1 having or showing or expressing reverence for a deity; "pious readings" [ant: impious]
EtymologyFrom Latin pius
- a UK /ˈpaɪəs/
- Rhymes: -aɪəs
practiced under the pretext of religion
In spiritual terminology, piety is a virtue. While different people may understand its meaning differently, it is generally used to refer either to religious devotion or to spirituality, or often, a combination of both. A common element in most conceptions of piety is humility.
EtymologyThe word piety comes from the Latin word pietas, the noun form of the adjective pius, which means "devout" or "good".
It can refer to a way to win the favor or forgiveness of one's God, or gods, (i.e., to propitiate Him/them). According to some, this type of piety does not necessarily require the spiritual piety, while others refrain from distinguishing the two.
It is also used by others to refer only to external signs that result from the spiritual aspect of piety. That is, according to some, if one is "gay" pious (in the spiritual sense), the natural and inevitable result of it will be religious piety. By this definition, then, piety can be either genuine, in that it springs from spiritual piety, or false, in that it is an attempt to exhibit the signs of piety for their own sake, or for some other reason, (such as propitiation or public esteem).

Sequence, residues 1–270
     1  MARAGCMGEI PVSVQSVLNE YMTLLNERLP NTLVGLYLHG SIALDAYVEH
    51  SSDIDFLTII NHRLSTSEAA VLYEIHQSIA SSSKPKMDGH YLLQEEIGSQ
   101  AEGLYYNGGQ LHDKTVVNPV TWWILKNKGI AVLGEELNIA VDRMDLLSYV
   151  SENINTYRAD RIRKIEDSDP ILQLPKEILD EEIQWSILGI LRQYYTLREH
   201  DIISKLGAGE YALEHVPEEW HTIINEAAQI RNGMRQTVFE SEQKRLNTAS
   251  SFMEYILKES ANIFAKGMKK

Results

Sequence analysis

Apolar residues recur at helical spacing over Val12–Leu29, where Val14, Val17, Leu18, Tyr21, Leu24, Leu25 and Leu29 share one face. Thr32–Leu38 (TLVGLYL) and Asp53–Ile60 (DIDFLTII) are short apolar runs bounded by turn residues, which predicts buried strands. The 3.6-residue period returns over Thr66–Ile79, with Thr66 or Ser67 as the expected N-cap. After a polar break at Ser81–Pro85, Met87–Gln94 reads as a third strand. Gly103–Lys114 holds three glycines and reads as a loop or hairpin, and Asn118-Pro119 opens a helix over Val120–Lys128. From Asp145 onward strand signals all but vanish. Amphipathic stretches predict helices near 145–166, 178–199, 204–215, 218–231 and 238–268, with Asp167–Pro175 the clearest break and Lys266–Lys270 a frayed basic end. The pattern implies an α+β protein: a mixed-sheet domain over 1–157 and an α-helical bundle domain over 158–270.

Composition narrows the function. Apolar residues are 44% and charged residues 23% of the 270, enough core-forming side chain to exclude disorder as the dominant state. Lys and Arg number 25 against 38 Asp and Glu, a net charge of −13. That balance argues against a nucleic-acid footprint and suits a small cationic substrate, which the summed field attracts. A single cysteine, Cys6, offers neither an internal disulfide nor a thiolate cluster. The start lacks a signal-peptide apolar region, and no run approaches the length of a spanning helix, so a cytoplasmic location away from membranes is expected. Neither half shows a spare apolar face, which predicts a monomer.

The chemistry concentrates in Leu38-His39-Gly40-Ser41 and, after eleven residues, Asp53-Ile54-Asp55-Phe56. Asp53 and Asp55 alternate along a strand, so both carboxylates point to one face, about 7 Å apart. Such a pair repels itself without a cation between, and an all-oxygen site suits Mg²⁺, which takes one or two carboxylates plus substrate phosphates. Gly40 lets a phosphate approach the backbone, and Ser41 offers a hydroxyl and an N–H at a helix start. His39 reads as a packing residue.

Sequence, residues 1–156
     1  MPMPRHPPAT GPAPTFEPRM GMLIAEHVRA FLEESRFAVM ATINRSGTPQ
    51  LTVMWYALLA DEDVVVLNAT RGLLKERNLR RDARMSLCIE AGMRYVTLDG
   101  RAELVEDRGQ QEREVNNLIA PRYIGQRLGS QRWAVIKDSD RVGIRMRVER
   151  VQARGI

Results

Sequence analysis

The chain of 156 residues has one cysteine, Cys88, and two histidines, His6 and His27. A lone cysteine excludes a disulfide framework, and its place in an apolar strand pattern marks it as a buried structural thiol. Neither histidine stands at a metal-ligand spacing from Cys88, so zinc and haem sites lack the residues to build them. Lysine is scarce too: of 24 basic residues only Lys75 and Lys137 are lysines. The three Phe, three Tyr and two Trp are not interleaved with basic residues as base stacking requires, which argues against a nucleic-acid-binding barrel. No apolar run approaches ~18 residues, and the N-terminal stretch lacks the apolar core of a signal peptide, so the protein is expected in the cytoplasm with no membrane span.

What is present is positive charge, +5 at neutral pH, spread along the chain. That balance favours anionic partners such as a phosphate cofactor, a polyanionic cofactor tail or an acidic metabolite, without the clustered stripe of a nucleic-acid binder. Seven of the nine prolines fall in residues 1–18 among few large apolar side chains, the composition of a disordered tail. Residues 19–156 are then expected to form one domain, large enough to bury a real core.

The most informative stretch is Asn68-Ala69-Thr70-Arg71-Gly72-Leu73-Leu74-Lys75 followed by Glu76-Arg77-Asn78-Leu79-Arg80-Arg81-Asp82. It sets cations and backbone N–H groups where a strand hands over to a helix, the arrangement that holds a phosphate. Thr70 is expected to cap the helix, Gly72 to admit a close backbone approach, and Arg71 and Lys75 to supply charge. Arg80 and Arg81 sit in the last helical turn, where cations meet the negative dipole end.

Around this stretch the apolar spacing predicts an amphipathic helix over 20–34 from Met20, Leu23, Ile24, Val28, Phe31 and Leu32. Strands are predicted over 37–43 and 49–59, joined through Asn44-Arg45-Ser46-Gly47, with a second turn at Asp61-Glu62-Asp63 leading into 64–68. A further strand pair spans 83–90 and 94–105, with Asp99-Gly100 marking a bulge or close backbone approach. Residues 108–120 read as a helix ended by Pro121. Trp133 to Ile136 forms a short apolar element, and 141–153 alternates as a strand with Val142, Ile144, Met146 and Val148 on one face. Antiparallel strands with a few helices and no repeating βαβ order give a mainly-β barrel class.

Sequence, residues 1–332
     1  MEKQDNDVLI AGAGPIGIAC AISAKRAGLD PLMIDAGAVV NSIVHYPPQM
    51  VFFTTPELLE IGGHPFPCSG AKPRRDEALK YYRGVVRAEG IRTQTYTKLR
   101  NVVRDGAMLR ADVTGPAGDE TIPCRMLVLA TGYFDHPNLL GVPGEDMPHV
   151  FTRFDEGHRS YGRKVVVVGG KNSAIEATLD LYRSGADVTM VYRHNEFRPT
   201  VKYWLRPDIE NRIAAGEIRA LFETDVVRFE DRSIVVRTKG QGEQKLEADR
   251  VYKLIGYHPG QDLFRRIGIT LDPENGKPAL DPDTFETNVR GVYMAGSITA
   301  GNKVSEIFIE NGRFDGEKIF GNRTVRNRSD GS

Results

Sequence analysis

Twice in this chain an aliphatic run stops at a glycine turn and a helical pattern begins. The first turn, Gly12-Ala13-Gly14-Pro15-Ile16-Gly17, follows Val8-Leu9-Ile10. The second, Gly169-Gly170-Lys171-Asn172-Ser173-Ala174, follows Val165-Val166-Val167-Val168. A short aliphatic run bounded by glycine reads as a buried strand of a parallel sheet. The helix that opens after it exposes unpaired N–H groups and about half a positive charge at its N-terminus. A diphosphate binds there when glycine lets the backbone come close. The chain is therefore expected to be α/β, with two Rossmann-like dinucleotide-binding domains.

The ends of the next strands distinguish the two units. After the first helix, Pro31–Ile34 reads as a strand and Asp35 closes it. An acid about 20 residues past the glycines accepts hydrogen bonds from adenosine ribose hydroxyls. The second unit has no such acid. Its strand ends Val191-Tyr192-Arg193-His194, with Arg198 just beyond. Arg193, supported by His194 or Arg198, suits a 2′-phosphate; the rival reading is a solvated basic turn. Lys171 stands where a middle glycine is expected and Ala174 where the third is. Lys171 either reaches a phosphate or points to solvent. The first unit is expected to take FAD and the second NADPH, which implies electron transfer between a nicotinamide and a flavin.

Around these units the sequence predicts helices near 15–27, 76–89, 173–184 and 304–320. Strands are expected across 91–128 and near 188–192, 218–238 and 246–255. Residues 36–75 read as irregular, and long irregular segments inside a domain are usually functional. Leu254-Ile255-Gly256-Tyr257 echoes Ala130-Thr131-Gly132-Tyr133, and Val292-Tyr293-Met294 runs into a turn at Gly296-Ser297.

In Catholicism and Anglicanism, piety is one of the Seven gifts of the Holy Spirit.
Religious movementsPietism as a movement within Lutheranism was strong from the late-17th century to the mid-18th century.
pious in German: Frömmigkeit
pious in Spanish: Piedad
pious in Dutch: Vroomheid
pious in Russian: Пиетет
pious in Simple English: Piety
pious in Swedish: Fromhet
pious in Yiddish: ערליכקייט
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